In a shocking move the petition oriented site, Change.org, will open up its platform anyone, this includes the Republican party, corporations, possible front groups, and other anti-progressive causes. According to leaked internal documents the only parties not allowed access will be hate groups as defined by the Southern Poverty Law Center. Ryan Grim at the Huffington Post broke the story first.
A September email to the entire staff from Change.org’s CEO Ben Rattray outlines the new direction for the company.
Our mission: to empower people everywhere to create the change they want to see.
Our vision: a world in which no one is powerless and creating change is part of everyday life.
Another email written in the middle of July reveals some of the talks Rattray had with many high level staff members. The discussion came just weeks after the company came under pressure for hosting misleading petitions from StudentsFirst and Stand for Children. Change.org dropped the two organizations (once their contracts came to an end) but it seems Rattray was already making plans to open up his website to other nefarious groups.
Additionally, a FAQ was sent out to employees revealing the massive sell-out of the so-called progressive petition site.
What about anti-abortion, pro-gun, and union-busting advertisers?
We will be open to advertisements from any group other than hate groups.
We are establishing an open, non-partisan advertising policy that supports a ubiquitous, global brand, one that is relevant in many countries and across many cultures. We are open to organizations that represent all points of view, including those with which we personally (and strongly) disagree.
But while these organizations might advertise on our site, we should not assume that every “worst case scenario” will come to pass. Advertisers won’t want to advertise on Change.org if we’re not delivering the audience they’re looking for.
Compare this to their client policy (which will soon be altered to reflect the new direction):
We accept sponsored campaigns from organizations fighting for the public good and the common values we hold dear – fairness, equality, and justice. We do not accept sponsored campaigns from organizations that consistently violate these values, support discriminatory policies, or seek private corporate benefit that undermines the common good.
The new direction of the for-profit company is a loss for the progressive movement. It allows the very powers that be in which the movement fights against access to tools that we’ve used for our advantage. Now, Rattray decision opens up the online social change company to manipulation by “activists” that do the bidding of powerful interests. Look back to this summer when Stand for Children deceived site users to sign a petition against the Chicago Teachers Union.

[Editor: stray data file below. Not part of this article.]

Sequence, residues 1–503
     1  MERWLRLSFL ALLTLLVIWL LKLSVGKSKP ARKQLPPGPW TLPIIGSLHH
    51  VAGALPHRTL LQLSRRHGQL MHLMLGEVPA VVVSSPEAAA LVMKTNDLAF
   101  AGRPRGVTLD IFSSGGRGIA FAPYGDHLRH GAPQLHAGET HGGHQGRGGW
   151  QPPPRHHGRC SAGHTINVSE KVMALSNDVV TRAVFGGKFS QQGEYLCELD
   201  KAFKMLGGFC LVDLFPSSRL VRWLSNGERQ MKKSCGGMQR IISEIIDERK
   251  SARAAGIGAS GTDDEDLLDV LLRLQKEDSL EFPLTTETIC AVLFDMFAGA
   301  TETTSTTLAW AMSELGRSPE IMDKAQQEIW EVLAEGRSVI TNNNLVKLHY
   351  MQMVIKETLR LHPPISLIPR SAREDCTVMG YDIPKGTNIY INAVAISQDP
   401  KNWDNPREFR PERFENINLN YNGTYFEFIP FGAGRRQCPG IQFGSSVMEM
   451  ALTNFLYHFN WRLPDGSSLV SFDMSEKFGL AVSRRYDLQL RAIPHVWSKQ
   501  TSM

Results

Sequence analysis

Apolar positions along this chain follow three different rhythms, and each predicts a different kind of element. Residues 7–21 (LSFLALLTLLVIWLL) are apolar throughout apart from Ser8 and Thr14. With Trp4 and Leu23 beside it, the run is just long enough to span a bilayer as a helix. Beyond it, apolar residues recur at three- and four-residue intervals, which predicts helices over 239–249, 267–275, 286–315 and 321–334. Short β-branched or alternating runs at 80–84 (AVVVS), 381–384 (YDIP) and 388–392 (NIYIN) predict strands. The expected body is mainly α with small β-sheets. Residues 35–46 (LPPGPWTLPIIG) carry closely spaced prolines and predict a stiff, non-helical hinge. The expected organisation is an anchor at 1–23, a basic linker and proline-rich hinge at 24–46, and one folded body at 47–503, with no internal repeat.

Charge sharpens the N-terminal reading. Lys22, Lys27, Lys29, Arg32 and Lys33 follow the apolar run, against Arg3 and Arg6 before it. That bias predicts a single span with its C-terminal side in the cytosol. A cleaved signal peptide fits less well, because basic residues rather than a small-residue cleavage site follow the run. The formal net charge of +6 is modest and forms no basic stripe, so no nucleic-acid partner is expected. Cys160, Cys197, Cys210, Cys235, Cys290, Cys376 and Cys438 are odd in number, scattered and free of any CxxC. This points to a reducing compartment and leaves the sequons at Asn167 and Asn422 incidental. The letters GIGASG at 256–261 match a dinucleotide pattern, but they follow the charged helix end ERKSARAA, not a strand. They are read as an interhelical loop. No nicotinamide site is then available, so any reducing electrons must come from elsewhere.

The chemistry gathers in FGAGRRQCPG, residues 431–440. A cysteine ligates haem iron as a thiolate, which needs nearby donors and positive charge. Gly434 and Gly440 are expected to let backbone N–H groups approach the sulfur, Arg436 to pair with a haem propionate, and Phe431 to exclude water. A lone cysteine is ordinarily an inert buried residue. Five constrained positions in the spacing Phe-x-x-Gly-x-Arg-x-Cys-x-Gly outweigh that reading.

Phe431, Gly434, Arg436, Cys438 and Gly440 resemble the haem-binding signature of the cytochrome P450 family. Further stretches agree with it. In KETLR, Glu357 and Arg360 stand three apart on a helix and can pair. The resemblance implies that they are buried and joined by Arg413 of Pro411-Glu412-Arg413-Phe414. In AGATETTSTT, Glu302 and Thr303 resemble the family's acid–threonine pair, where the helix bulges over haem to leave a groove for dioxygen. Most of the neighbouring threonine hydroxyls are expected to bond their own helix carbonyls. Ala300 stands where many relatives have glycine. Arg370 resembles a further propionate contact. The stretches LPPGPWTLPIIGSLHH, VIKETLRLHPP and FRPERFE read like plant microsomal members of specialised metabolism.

The new platform will make it easier for front groups, like Stand for Children, and corporations to mislead users. These types of groups do not qualify as hate groups but they do hate the collective action that harms their interests.
Imagine a corporate front group advertising on the site for cleaner energy and jobs. Sounds perfect. Too perfect really. Like a Frank Luntz focus group tested message. You see it would be a petition demanding less regulation and open access for fracking.
A petition like this is a violation of the client policy of old. Fracking poses serious risks to drinking water, possibly causes earthquakes, and does not serve the common good in the long-term. Sadly, under the proposed changes a petition like this could find an audience, misled or otherwise.
As I have previously mentioned, Change.org’s for-profit operations generates $15 million in annual revenue and rising. The global expansion of the site should increase revenue for the company while also opening up a powerful tool for the masses. At the same time it can be used against those masses.
In the July email Rattray writes:
As we discussed this over the weekend, the path that has the chance of maximizing our positive impact, and therefore our goal, became clear. Our goal isn’t to become the world’s largest progressive advocacy organization. Instead, it’s to become a ubiquitous global platform that becomes a fundamental part of the infrastructure of civil society around the world, radically democratizing access to power for hundreds of millions of people. And if that’s our aspiration, we have to start backing up that language with our actions.
Rattray’s either fears progressive advocacy or realizes an open platform means more money here in the United States. Opening access to global change will have a real impact on democratizing more underdeveloped nations. It can potentially give a real voice to people and organizations that are typically oppressed by their government, whether the group holds anti-gay, anti-woman, etc views. The Southern Poverty Law Center probably will not be sufficient to define these organizations in other countries. That is a real positive impact but it comes at a real price for progressive advocacy in the U.S.
More as this develops.
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